According to TheKnot.com, wedding budgets have grown over the past two years. That should not be surprising because the cost of everything keeps going up. The sticker shock for the average wedding has now risen from $29,858 in 2013 to $30,000. http://money.cnn.com/2014/03/28/pf/average-wedding-cost/
I assure you the greatest bargain in that expense is still the minister.
Even with all the hard work, there is no perfect wedding. All of us who attend weddings suddenly become wedding critics. We are going to find something about that wedding to talk about.
“I can’ t believe she had that many bridesmaids. I wouldn’t have chosen that color of dress. There was too much music. Well, that was short and sweet, wasn’t it? Did you see the Groom crying when he said his vows? Wasn’t the flower girl the cutest thing you ever saw? I loved the string ensemble. When the preacher said, ‘You may kiss the bride,’ I didn’t think they were ever going to stop. They went a little skimpy on the food, don’t you think? I noticed they didn’t serve any alcohol. That’s unusual these days.”
Weddings have been important for thousands of years. In every culture there have been customs, important traditions, and costs associated with a man and a woman coming together as husband and wife. This was true in the days of Jesus.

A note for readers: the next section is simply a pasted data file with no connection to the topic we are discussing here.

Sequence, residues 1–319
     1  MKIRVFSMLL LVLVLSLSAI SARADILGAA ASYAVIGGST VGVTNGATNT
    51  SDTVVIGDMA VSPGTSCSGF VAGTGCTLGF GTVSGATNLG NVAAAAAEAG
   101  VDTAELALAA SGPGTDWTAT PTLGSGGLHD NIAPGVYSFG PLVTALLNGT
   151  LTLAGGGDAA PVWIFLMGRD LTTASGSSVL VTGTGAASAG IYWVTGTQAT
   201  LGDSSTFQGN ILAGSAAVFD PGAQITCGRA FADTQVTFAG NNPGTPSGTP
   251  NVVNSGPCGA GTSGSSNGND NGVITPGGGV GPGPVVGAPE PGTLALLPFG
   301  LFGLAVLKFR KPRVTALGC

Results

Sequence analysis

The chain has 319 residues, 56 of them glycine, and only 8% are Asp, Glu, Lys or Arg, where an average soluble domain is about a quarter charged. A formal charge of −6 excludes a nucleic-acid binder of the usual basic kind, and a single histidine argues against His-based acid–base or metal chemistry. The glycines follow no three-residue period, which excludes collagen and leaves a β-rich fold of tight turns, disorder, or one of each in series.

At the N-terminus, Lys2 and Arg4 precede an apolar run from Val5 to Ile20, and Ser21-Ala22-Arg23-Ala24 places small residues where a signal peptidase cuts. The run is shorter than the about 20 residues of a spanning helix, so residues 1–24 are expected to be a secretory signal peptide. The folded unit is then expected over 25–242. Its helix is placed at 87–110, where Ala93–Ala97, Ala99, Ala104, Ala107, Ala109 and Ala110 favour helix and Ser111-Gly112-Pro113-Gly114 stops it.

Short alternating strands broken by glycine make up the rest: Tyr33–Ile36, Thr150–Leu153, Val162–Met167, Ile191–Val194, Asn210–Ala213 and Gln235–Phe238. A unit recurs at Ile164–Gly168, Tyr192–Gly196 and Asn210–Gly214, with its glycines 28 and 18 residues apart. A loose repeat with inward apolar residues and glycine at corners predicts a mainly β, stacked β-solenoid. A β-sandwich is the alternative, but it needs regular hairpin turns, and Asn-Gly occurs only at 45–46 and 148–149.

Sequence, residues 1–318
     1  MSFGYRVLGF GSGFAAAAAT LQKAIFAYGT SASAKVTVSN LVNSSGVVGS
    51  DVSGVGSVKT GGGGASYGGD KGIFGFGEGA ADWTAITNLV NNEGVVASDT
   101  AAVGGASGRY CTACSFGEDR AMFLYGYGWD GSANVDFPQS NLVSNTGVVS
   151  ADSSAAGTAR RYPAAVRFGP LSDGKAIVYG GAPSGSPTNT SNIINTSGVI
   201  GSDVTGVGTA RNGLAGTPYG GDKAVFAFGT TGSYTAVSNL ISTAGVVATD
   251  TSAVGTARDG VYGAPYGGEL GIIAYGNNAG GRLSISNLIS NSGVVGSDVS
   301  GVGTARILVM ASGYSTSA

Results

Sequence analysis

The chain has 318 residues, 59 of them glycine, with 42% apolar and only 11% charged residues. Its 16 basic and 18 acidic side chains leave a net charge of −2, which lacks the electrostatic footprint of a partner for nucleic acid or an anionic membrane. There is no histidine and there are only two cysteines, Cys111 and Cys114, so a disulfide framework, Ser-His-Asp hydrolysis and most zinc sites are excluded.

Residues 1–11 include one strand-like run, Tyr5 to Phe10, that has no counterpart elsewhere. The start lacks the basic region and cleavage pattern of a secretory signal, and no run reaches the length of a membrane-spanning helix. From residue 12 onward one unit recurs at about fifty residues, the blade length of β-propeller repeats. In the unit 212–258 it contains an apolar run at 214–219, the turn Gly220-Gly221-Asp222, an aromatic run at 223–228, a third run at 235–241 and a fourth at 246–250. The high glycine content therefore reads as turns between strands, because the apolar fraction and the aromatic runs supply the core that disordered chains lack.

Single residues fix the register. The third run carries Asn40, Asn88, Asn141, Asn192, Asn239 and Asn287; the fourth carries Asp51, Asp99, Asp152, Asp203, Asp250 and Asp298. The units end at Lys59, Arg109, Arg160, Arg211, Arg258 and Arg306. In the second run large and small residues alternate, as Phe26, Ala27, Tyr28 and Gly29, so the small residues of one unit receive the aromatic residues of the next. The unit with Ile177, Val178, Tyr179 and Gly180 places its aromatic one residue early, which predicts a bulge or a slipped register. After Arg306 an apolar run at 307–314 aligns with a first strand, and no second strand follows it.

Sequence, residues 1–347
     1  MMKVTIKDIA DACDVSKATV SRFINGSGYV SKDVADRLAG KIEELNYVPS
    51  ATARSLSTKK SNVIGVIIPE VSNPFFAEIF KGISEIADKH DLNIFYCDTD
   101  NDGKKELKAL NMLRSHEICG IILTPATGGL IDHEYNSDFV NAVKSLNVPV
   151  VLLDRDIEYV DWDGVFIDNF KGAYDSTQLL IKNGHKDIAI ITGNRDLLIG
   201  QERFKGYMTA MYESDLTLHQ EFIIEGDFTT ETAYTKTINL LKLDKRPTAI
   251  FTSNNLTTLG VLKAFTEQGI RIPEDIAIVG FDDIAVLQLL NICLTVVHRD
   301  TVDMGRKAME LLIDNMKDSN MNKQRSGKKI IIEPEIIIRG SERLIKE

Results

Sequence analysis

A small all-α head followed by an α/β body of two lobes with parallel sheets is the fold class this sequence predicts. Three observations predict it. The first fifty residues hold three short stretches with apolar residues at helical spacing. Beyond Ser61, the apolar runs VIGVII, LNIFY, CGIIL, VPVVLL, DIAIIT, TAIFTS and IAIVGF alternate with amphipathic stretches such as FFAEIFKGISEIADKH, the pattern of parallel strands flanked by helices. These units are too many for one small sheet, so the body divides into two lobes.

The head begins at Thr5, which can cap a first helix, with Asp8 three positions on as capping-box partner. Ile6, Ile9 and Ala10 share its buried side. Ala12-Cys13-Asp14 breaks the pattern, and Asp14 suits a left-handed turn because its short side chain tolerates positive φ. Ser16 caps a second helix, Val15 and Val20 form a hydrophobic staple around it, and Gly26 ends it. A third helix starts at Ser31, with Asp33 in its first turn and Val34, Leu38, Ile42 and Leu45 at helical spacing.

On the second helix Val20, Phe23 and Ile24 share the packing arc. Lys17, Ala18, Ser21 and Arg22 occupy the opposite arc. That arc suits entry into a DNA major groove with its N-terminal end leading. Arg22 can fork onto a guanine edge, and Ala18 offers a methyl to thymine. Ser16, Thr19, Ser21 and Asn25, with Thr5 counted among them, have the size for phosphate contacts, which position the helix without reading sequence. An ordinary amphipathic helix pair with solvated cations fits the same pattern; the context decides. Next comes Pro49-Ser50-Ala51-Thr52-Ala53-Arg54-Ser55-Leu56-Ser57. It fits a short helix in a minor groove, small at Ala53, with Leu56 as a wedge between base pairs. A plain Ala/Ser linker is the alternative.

Cana was about 5 ½ miles from Nazareth and that’s where friends of Jesus’ family were being married. Jesus’ entire family was invited. There is no mention of Joseph so we assume that by this time he was dead.
Mary was at the house of their friends before Jesus and his disciples arrived. Perhaps she got there early to help prepare for the guests who were soon to arrive.
Jesus and his disciples arrived together. The people getting married were likely people Jesus had known since he was young, since Cana was only a short distance from his home.
While they were there, one of those wedding snafus happened –the one thing everyone was going to talk about after this social event was over. The wine ran out. Perhaps they underestimated the number of guests that were coming. After all, it was sort of difficult to RSVP in those days. Someone did not order the correct amount of wine from the local vineyard.
The celebration was about to turn embarrassing for the host. It would be a lot like standing in line to be served your meal at the reception after the wedding, only to be told there was no more food. How embarrassing!
That Mary felt obligated to help this family shows she was more than just a distant friend. She was a close friend. Saving their reputation in the community and keeping them from embarrassment and public humiliation was important to her. She knew someone who could help. She knew that someone was Jesus.
How did she know Jesus could help?